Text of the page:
LAPA’s seminar format assumes that seminar participants have familiarized themselves with the paper in advance. The commentator opens the session by summarizing the main themes in the paper and presenting some topics for discussion. The author then has the right of first response before we open to the floor for questions. The seminar will end with a brief reception, giving everyone a chance to mingle and meet.
Abstract: "This paper is part of a book-length study of how, under the impact of modernism, American legal, political, and economic thinkers increasingly turned away from thinking in terms of ends and towards thinking in terms of processes, means, methods, techniques, procedures, and protocols. In the paper, I examine how this happened and what it looked like in the context of American legal thought between 1900 and 1970. After showing how modernist legal thinkers attacked the common law tradition in the late nineteenth and early twentieth centuries, I show how American legal thinkers responded to that attack by representing law not as a body of substantive truths but as a way of doing things, a method, as It were, with legal procedure at its core. What were the implications of this transformation for understandings of law? With what consequences for the country’s common law tradition? I examine such questions by looking at a range of contexts from debates over the administrative state to the structure of twentieth-century constitutional law and by examining the writings of many legal thinkers including (but not restricted to) Oliver Wendell Holmes, Jr., Roscoe Pound, Felix Frankfurter, James Landis, Lon Fuller, and Alexander Bickel."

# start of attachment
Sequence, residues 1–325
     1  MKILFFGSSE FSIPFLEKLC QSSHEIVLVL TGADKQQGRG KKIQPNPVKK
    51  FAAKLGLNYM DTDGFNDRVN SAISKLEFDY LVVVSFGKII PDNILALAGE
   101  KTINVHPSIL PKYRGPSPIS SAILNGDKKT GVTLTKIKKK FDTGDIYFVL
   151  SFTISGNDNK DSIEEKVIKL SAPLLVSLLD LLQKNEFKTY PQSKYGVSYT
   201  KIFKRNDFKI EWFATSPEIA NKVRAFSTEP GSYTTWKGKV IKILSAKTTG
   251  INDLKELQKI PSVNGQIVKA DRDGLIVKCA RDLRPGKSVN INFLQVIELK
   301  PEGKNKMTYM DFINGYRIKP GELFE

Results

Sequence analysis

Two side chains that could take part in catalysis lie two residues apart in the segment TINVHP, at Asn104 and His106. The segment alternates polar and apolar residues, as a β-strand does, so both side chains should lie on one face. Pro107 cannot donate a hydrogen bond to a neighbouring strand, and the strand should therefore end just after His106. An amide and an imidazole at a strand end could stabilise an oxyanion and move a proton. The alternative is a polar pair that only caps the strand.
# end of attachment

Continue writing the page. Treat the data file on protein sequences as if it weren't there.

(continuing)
Professor Parker is an American legal and intellectual historian as well as a historian of U.S. immigration and citizenship law. His books include Making Foreigners: Immigration and Citizenship Law in America, 1600 - 2000 (2015) and Common Law, History, and Democracy in America, 1790 - 1900: Legal Thought Before Modernism (2011). His scholarship has also examined such subjects as the interrelationship between American legal and historical thought and the history and theory of U.S. immigration and citizenship law. His teaching interests include Property Law, Constitutional Law, American Legal History, Race and Law, among other subjects. Professor Parker received his A.B. and J.D. from Harvard University and his Ph.D. in History from Princeton University. After law school, he spent two years at a major New York law firm working on corporate and securities matters and providing pro bono representation to political asylum applicants. At LAPA, he will work on his current book project exploring the turn to ideas of process in mid-twentieth century American legal, political, and economic thought.